It's been years since I've seen this, but I completely agree with you -- though I don't remember the photography being very cinematic. To me, Kazan's movies are incredibly stagy, and not cinematic in the least. And while the acting was influential and different for its time, I don't believe it has aged well outside of moments like the car scene with Brando and Steiger, which is much more understated than the typical hammy stage acting found in Kazan's movies. I also don't appreciate actors like Mitchum, Cooper, Stanwyck, etc etc being indirectly trashed by those that think that Brando and Kazan invented film acting.

Of all the so-called greats of the classic era, Kazan is far and away my least favorite. A Face in the Crowd and East of Eden are the only movies of his that I would re-watch. I can see the influence on Scorsese, but that doesn't mean that I enjoy the overwhelming majority of his stuff.

I can appreciate Brando as well as classic actors.

I disagree with you on Kazan. A Streetcar Named Desire is one of my very favorite movies of all-time, which I re-watch frequently.


There are three types of people in the world, my friend: those who can add, and those who can't.
cigar joe
Moderator
Bounty Killer
*****
Offline Offline

Posts: 13827


easy come easy go


« #19616 : February 24, 2021, 03:59:32 AM »

My favorite Kazan films

America America 1963 - this one is cinematic and has Frank Wolff
Splendor in the Grass 1961
A Face in the Crowd 1957
Baby Doll 1956 - kinky
On the Waterfront 1954
Viva Zapata 1952
A Streetcar Named Desire 1951
Panic in the Streets 1950 this also is cinematic


"When you feel that rope tighten on your neck you can feel the devil bite your ass"!
dave jenkins
Bounty Killer
*****
Offline Offline

Posts: 15301

"One banana, two banana, three banana, four...."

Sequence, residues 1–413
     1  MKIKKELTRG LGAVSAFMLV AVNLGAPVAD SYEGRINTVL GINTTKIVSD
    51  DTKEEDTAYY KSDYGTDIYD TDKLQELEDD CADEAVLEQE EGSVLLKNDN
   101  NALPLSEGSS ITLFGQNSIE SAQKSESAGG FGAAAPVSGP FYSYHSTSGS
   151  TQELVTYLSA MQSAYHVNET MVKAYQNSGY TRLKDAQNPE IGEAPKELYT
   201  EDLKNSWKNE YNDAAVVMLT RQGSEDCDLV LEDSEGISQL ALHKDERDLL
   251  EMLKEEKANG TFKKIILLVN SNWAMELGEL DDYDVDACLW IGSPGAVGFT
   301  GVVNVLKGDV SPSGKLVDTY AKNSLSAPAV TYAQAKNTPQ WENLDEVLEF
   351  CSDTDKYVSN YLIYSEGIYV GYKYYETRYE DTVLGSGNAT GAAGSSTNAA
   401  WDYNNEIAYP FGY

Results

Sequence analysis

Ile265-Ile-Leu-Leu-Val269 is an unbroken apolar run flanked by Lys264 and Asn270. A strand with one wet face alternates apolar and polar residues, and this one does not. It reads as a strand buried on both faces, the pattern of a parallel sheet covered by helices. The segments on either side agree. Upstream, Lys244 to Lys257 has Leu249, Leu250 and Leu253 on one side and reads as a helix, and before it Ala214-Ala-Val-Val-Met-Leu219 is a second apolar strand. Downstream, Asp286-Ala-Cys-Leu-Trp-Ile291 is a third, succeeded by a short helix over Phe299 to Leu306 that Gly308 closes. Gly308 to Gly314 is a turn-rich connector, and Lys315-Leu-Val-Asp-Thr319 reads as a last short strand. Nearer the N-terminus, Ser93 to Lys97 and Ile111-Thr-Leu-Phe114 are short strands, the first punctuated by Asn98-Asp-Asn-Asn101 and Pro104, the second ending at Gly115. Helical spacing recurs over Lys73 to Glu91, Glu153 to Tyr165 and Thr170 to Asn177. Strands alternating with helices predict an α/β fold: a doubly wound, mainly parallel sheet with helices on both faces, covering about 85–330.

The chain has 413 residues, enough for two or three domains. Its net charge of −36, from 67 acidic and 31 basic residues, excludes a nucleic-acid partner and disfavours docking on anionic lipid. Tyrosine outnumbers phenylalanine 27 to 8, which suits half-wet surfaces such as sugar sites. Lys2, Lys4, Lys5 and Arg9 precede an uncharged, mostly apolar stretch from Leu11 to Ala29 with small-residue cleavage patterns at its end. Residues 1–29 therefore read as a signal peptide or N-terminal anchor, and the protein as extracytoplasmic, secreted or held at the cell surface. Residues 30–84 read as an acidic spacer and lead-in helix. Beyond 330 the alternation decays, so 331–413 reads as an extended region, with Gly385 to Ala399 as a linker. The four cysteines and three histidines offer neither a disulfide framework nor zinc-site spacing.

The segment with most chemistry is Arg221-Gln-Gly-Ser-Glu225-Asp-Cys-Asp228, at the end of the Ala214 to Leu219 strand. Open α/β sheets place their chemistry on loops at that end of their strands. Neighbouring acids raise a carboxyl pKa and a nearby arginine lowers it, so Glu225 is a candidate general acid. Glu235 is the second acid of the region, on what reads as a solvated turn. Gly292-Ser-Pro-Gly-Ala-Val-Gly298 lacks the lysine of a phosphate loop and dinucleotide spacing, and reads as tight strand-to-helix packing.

« #19617 : February 24, 2021, 05:54:16 AM »

I too like America America, perhaps his best film. The other Kazan I like a lot is A Tree Grows in Brooklyn, but that was before Kazan was Kazan, and maybe the studio controlled the production on that one, and anyway, he was faithfully following a popular book.



"McFilms are commodities and, as such, must be QA'd according to industry standards."
T.H.
Bounty Killer
*****
Offline Offline

Posts: 2168



« #19618 : February 26, 2021, 07:25:39 AM »

Race With the Devil (1975) - Great exploitation horror action movie that's elevated by its excellent cast featuring the great Warren Oates. The car stunt work in the last third of movie is top notch and the movie itself is an effective slow/medium burner that properly builds to its climax. While it's been a while since I've last seen Dirty Mary Crazy Larry (1974), that's also a quality movie and I'd highly recommend the Shout double feature bluray of these two movies. B

Suburbia (1983) - The punk concert scenes have a raw documentary feel to them (the T.S.O.L stuff stands out), but the acting really just isn't there and the pace is off. But there's still some (maybe half) genius stuff here -- but if you're looking for the ultimate late 70's/early 80's juvenile delinquency movie, 1979's Over the Edge is the way to go, and the following film is the ultimate 80s punk film.... C+

Repo Man (1984) - Kiss Me Deadly meets Black Flag or Bad Brains, or something like that. This one gets better (and funnier) on repeated views and there's enough story here to keep the pace flying. if this isn't straight up genius, it's close. And what a soundtrack. "Yeah. Let's go get sushi and not pay." A

« : February 27, 2021, 05:26:16 AM T.H. »


Claudia, we need you to appear in LOST COMMAND. It's gonna revolutionize the war genre..
dave jenkins
Bounty Killer
*****
Offline Offline

Posts: 15301

"One banana, two banana, three banana, four...."


« #19619 : February 27, 2021, 04:46:08 PM »

Temptation / Yuwaku (1957) - 7/10. Not to be confused with an earlier film of the same title starring Setsuko Hara, this film--about privileged youth who want to break into the art world--is a formulaic romcom that leans heavily on Hollywood movies, particularly those of Frank Tashlin. What sets it apart, though, is the filmmakers' use of voice-over to convey what the various characters are thinking throughout. The technique is used incessantly and indiscriminately--not even minor characters are spared--to great comic effect. I don't remember laughing so hard at any other Japanese movie before. And Seijjun Suzuki fans take note: one of the featured female roles here is taken by Misako Watanabe, the actress who in Youth of the Beast plays the secret crime lord eventually exposed by Joe Shishido (oops, SPOILER!). https://ok.ru/video/2473963358830



"McFilms are commodities and, as such, must be QA'd according to industry standards."
: 1 ... 1306 1307 [1308] 1309 1310 ... 1313  
« previous next »
:  



Visit FISTFUL-OF-LEONE.COM

SMF 2.0.15 | SMF © 2017, Simple Machines
0.042153